Melville’s answer—any author’s answer—is still to be ingested with a grain or two of salt or in liquid form as the salt of some grain. Authors do not have to tell the truth nor to be cooperative or, even more confounding, may be an habitual liar. The author may have been at pains to build a particular persona such as Somerset Maugham did, conveying one personality while being quite another in day-to-day, non-writing life.
In most cases, readers are left to evaluate what they read on circumstantial rather then direct evidence.
Excellent starting points for reader evaluation are two seminal works from Samuel Langhorn Clemens, Innocents Abroad, and Life on the Mississippi, each sent into the world as autobiographical excursions, each combining fact with a great deal of opinion, both direct and implied. Writing as his self-proclaimed persona of Mark Twain, Clemens approaches each work with his signature deadpan narrative voice. Do we trust him? He goes on as though he expects us to—and we do until we sense our reader’s leg is being pulled along with the attitudinal leg of actual individuals in the text. Thus Twain shows us a major device, the potential for alternate visions of the same reality. Twain was by no means the first to do so, nor was he the first to feign ignorance of what he was doing. Using these techniques, he rode into the twentieth century on a wave of irony. A century later, he—and we—are still riding.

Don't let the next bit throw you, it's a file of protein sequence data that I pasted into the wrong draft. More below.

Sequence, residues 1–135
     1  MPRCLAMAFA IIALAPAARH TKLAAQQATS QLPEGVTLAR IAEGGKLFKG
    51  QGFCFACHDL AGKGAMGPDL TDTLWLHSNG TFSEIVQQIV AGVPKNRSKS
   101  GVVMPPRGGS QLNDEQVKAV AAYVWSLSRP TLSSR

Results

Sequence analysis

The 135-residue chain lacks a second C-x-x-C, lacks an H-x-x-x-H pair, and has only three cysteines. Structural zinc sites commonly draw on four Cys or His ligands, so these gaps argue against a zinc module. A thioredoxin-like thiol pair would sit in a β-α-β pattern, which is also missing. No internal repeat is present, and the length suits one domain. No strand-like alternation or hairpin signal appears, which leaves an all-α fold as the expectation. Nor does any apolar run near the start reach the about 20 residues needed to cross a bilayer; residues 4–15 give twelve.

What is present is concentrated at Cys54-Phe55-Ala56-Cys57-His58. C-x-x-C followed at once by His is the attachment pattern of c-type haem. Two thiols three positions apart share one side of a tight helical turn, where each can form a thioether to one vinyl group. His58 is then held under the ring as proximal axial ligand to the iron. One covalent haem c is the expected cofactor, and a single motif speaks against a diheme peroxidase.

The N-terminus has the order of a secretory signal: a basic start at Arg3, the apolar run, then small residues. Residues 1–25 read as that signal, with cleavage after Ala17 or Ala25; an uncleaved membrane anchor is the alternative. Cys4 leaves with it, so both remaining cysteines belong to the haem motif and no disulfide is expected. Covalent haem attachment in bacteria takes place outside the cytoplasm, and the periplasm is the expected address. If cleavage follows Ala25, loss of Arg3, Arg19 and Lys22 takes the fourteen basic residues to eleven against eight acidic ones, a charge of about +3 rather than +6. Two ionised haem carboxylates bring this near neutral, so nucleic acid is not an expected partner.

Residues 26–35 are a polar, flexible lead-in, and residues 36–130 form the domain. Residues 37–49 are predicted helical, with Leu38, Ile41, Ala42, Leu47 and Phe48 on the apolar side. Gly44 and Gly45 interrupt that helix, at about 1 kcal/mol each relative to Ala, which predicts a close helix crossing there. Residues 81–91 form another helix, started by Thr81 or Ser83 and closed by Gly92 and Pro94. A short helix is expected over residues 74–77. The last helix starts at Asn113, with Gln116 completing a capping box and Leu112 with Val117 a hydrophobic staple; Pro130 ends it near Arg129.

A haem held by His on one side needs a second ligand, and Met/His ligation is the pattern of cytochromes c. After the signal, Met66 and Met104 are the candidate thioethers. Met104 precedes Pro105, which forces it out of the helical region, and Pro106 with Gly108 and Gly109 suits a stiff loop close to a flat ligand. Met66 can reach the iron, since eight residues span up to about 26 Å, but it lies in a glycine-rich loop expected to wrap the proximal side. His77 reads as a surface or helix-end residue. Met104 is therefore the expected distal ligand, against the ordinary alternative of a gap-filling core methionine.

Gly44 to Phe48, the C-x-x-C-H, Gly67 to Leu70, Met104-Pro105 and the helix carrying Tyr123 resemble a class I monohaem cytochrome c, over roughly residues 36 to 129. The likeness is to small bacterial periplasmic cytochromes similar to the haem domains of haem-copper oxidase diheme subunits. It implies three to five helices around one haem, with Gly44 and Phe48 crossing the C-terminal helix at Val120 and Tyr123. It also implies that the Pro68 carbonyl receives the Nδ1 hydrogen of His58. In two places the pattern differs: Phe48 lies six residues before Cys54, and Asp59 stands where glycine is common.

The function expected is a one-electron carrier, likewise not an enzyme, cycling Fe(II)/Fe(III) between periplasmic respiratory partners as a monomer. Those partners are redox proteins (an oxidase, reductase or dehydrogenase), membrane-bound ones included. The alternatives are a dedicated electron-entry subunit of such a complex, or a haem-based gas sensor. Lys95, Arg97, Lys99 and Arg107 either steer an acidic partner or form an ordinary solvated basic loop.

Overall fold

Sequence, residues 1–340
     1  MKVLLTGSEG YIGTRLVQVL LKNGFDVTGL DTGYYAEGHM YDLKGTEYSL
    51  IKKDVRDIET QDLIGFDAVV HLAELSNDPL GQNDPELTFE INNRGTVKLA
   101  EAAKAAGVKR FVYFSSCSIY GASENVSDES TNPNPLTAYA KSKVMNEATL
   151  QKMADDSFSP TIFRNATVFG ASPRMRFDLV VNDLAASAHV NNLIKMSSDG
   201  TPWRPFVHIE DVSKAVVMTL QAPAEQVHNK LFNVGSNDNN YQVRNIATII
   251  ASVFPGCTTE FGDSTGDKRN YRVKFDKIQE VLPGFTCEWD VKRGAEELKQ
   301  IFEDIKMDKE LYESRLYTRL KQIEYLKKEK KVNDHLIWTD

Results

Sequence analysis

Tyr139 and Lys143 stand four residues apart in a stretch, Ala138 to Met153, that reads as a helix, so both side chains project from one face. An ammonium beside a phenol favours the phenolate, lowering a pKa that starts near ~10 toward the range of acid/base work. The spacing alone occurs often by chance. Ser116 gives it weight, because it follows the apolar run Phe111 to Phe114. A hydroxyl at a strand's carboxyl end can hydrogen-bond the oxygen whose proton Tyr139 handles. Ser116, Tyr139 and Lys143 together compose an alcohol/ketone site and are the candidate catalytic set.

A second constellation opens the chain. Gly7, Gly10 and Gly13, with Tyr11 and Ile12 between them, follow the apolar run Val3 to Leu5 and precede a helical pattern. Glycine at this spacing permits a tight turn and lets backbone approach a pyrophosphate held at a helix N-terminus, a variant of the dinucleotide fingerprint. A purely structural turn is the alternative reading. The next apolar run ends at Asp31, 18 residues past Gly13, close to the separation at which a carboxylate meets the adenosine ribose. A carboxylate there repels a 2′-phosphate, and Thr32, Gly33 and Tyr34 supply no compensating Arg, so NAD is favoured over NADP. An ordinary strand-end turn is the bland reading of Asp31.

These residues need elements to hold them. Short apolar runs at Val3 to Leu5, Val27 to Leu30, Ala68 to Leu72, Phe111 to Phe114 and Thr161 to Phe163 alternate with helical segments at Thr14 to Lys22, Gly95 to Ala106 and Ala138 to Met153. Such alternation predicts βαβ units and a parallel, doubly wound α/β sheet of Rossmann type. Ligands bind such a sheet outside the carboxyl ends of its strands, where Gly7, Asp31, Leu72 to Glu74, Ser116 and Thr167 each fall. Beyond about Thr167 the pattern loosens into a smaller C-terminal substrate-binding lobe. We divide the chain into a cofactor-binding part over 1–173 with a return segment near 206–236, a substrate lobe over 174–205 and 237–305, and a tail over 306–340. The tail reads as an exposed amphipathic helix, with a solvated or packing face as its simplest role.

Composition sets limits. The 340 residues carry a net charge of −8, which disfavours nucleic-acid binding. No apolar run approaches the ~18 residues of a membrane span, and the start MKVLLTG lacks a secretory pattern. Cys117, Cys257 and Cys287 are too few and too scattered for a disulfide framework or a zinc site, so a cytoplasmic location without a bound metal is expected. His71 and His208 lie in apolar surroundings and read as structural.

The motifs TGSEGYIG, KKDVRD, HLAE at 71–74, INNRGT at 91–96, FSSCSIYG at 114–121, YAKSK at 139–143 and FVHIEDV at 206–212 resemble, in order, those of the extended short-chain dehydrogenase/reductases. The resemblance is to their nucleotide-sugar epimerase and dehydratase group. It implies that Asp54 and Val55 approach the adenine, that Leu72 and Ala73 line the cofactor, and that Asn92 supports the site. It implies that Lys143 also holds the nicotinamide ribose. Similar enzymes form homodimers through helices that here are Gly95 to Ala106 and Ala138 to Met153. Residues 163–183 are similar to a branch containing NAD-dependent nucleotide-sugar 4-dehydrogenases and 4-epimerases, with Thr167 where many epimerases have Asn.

Do we take Mark Twain as reliable?
In England, a remarkable novelist, a mere five years Twain’s junior, was born. Twain lasted until 1910. Thomas Hardy remained until 1928. Twain’s work informed the twentieth century. Thomas Hardy’s monumental opera dragged the nineteenth century kicking and screaming into the twentieth. Which of the two do we consider reliable? Why? Hint: the answer has the word humor in it.
Do we consider any narrator entirely reliable? Given our knowledge of Truman Capote’s troubled personal life, are we able to take him at his narrative word or is there always the acerbic hint of agenda clinging to it. And yet. Capote surely read George Orwell, particularly Orwell’s Down and Out in Paris and London, his first booklength venture, written in such a way that we become absolutely convinced of his accurate, documentary style. Because of its narrative tone, its judicious, almost frugal use of personal pronouns or references, its seeming objectivity, Orwell’s account is still in print, still seen as a model of a particular type of memoir. Compare Orwell’s approach in Down and Out with Capote’s twentieth-century narrative breakthrough, In Cold Blood. Read Capote’s Hand-Carved Coffins and Music for Chameleons, then ask yourself the question Capote was prompting you to ask all along: Are these two works factual reporting or fiction? Then ask yourself why he was at such pains to blur the two states.